What else do you do to prep your home for vacation travel? Let us know in the comments.

First published March 17, 2021. Updated September 25, 2021.

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Erin Foster

Erin Foster is an original member of the Walt Disney World Moms Panel (now PlanDisney), a regular contributor to TouringPlans.com, and co-author of The Unofficial Guide to Disney Cruise Line. She's been to WDW, DL, DL Paris, Hong Kong Disneyland, Aulani, DVC Vero Beach, and DVC Hilton Head. She's a Platinum DCL cruiser and veteran of 10 Adventures by Disney trips. Erin lives near New York City, where she can often be found indulging in her other obsession - Broadway theater.

10 thoughts on “How to Prepare Your Home For Travel

  • Turn off the water to washing machine; those hoses can go at any time and a few turns of the valves is much easier than cleaning up a flood. Also put a penny on top of an ice cube in an ice cube tray – that way if the penney appears to have sunken into the ice cube you will know the power went out long enough for the ice cube to melt and food to defrost rendering it unsafe to eat.

  • I turn off the water heater at the breaker box. you’ll need to have a properly labeled breaker box to do this.

    Also, locate the water shutoff to the house. I’ve come home to a flooded kitchen from just a day at work when the waterline to the icemaker in the ‘fridge broke. If that happened over vacation it would be far more than just a mop to clean it up.

    Motion sensor outside lights and a lamp or two on a timer inside are also a good idea.

  • Has an article been done about what to pack during Covid on your trip to WDW? I’d be interested in hearing your recommendations on what else we should put in our suitcases to make our trips safe. Thanks!

  • Also, check your doors and make sure they’re locked properly! My list trip the door to my apartment balcony wasn’t fully shut and locked from the night before and it OPENED during while I was away – I was heating all of Pittsburgh and I have the electrical bill to prove it.

    • That one is on the list!

      Yikes on the open door! My young adult daughter is so paranoid about something like that happening that she takes photos of all her door latches and appliances just prior to departure. If she can look at the photos and verify that her doors/windows are locked and that the oven is off, then she has a much more relaxing time on vacation.

      • I learned this one the hard way: If your fridge makes ice that dispenses through a door, empty the storage bucket and turn off the icemaker. If there’s an extended power outage, or the fridge dies, the ice in the vertical bucket will melt – and the water will flood downward.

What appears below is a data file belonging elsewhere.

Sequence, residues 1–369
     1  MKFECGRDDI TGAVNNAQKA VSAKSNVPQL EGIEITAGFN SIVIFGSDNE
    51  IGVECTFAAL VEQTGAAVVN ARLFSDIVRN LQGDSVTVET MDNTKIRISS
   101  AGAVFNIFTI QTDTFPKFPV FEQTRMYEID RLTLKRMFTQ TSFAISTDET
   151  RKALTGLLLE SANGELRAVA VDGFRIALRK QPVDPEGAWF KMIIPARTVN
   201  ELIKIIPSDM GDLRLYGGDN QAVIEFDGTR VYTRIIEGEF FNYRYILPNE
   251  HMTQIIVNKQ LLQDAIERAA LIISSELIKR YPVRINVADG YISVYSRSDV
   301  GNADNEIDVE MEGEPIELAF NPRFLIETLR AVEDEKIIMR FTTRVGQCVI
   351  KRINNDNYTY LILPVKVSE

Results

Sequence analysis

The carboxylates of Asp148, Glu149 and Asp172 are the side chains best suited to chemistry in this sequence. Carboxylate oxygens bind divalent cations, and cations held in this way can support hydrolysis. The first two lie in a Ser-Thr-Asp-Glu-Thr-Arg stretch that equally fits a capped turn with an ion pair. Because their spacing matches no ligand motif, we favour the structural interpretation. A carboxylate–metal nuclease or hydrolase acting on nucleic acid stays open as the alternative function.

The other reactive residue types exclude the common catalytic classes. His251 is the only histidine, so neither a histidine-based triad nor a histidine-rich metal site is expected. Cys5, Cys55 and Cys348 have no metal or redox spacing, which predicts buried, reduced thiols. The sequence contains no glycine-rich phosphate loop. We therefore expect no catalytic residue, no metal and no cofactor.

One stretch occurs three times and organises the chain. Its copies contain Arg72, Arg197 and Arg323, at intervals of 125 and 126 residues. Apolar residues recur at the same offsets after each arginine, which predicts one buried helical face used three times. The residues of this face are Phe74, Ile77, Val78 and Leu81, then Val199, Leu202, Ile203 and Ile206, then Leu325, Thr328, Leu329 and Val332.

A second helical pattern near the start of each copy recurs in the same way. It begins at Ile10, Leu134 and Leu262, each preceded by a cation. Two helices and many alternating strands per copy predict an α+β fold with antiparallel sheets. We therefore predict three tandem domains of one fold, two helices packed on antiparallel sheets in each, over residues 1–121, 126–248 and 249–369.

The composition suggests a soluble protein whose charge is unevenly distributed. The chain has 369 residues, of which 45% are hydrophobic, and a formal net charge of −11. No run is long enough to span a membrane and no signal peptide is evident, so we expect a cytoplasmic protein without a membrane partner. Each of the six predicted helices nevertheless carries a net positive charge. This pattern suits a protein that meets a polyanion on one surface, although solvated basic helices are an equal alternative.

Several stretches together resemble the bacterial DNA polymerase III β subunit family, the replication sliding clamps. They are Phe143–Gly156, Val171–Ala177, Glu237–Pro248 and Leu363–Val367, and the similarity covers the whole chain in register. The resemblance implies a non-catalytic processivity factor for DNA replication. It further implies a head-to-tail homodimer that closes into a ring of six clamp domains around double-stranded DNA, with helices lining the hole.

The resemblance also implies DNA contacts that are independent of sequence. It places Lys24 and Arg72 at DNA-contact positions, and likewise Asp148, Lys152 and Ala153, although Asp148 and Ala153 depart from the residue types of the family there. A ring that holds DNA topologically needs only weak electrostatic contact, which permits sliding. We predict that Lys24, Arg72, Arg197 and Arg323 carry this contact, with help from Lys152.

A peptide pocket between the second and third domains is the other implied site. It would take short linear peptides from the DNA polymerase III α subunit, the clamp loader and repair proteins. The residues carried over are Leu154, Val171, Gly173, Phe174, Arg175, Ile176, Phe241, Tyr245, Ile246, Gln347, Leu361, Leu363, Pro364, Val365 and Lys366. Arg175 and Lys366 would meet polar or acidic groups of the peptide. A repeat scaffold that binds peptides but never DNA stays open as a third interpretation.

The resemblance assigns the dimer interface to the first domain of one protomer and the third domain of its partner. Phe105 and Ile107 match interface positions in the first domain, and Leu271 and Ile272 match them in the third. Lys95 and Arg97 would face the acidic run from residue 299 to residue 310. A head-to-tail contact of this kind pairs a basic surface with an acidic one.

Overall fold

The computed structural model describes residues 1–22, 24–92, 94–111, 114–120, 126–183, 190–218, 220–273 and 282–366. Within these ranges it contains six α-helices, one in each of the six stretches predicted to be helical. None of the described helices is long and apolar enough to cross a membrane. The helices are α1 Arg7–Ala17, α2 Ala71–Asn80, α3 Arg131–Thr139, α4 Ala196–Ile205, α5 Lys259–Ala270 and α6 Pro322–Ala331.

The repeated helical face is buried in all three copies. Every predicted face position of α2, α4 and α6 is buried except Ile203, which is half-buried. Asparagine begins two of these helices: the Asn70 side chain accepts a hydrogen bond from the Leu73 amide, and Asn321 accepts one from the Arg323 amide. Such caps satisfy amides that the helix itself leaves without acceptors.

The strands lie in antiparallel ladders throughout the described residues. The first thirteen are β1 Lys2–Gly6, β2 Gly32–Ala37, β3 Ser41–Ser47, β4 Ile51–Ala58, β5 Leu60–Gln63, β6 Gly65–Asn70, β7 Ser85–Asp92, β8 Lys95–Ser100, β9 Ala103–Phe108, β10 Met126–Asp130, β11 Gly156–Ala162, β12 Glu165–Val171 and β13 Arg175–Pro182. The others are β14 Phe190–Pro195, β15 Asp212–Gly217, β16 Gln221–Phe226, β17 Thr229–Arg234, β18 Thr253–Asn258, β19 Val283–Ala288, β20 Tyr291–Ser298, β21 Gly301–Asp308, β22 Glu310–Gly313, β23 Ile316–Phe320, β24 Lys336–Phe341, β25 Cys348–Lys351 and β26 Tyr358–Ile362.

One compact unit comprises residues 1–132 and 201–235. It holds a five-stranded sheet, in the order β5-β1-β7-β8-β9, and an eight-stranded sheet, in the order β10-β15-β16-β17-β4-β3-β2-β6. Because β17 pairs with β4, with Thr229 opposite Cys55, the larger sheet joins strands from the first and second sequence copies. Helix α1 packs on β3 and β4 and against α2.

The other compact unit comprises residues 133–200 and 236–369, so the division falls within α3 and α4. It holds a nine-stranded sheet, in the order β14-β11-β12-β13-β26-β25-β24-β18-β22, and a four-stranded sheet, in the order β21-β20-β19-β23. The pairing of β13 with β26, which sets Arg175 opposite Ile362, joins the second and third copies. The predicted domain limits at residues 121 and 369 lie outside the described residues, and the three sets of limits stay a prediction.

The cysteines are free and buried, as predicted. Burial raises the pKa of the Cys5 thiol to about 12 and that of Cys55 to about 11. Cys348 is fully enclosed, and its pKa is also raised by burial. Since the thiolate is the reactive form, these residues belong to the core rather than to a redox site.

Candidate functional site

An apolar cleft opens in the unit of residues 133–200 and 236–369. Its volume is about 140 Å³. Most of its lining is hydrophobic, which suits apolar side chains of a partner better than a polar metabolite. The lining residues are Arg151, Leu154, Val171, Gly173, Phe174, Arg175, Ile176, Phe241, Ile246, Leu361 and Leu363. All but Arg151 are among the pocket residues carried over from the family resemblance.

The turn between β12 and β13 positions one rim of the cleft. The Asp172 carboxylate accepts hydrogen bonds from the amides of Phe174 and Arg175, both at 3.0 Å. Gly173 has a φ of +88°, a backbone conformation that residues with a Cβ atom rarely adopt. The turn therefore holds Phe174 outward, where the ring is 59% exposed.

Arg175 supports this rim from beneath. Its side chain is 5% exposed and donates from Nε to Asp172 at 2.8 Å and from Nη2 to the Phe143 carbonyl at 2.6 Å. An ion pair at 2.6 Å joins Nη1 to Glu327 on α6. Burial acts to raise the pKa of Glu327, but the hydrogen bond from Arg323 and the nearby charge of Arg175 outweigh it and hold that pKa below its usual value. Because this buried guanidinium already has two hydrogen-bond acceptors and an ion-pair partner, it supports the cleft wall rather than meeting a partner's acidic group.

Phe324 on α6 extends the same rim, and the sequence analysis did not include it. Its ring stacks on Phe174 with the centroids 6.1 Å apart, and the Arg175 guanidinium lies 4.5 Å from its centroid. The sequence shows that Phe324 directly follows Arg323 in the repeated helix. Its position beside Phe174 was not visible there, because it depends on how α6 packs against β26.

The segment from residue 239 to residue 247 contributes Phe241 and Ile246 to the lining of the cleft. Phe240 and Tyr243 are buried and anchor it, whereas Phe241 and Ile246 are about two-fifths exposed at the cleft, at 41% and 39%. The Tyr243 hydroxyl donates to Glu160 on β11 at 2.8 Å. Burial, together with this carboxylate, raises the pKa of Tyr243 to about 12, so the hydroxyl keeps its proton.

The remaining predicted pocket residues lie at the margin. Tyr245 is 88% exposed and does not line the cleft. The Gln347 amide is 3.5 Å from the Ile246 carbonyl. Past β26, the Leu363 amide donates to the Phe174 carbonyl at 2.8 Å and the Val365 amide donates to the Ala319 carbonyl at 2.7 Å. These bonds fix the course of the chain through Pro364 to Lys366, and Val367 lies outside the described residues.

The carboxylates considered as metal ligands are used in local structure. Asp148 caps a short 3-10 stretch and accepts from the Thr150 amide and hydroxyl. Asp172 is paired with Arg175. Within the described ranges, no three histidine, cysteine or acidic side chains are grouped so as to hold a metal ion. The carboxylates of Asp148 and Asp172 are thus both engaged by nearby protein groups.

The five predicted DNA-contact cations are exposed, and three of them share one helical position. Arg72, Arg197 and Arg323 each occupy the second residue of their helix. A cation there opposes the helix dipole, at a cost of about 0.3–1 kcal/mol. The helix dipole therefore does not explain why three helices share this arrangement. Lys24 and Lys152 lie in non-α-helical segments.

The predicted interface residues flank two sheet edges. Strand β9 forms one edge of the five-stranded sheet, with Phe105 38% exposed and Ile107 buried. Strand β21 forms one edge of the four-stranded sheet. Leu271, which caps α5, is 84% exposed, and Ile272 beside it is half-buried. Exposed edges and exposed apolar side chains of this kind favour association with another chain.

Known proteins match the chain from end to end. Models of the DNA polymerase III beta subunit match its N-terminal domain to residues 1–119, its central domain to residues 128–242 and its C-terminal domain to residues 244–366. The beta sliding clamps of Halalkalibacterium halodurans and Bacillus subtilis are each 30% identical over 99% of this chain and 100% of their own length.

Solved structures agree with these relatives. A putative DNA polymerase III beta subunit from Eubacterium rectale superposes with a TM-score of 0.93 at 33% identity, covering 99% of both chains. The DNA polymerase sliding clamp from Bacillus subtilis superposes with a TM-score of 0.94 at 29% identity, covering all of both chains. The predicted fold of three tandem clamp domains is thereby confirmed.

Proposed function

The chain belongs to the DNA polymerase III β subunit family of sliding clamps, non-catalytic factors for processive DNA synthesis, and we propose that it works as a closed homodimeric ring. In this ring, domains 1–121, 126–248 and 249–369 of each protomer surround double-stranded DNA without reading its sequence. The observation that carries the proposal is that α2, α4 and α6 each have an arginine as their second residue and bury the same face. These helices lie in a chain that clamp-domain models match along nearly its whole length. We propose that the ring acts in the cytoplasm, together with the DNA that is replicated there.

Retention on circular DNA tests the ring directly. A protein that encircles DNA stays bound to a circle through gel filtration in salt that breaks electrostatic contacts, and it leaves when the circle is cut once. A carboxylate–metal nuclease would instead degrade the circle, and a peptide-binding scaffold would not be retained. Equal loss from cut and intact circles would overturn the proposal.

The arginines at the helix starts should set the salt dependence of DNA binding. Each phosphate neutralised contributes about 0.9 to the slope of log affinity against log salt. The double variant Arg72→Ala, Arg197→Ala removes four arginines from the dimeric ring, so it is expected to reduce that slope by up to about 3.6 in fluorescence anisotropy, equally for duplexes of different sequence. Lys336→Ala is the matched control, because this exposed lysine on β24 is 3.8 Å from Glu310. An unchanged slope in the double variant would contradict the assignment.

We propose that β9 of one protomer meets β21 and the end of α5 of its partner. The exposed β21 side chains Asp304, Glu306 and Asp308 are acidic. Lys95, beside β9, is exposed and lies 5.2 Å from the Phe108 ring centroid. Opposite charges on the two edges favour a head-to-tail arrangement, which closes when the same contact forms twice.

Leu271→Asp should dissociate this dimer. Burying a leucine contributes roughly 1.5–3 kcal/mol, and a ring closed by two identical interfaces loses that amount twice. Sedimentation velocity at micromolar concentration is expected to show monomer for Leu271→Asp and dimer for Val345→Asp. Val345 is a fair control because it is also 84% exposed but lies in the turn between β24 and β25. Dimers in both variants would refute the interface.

• One item of note, you mention turning off air conditioning while you are away for energy savings, but in some areas, especially those with high humidity during the summer, lack of air flow within your home can lead to mold growth. Leaving your air conditioning on, but allowing your home to hit a higher than normal temperature while away, can still provide the cooling and air circulation to keep mold at bay. Leaving all interior doors open also encourages air movement.

    We leave our washing machine and dishwasher open so that they can dry and not grow mold while they are being unused. I also run and disinfect the garbage disposal. Be sure to turn off the water to the washing machine, as those hoses can burst and flood your home.

    This idea isn’t specifically for preparing your home for travel, but I do like to plan a simple meal or two and leave them in the freezer for our return. This gives me something easy to prepare for dinner, when things could be busy upon our return or even us just feeling jet-lagged. I do find it helpful to start building a grocery list as we use up foods in the fridge, but don’t replace them before a trip. I can leave the list in the car, so that upon our return, I can hit a grocery store or simplify things for the first time I need to go shopping.

    • Thanks for all the great tips, Michelle. I live in the Northeast, so I’ve always been more concerned with pipes freezing than mold developing. You point about running the AC for a different climate is well taken.

      I’m currently working on a post about how to prepare yourself (rather than your home) for travel. This will include some tips on having meals ready for your return home. Stay tuned!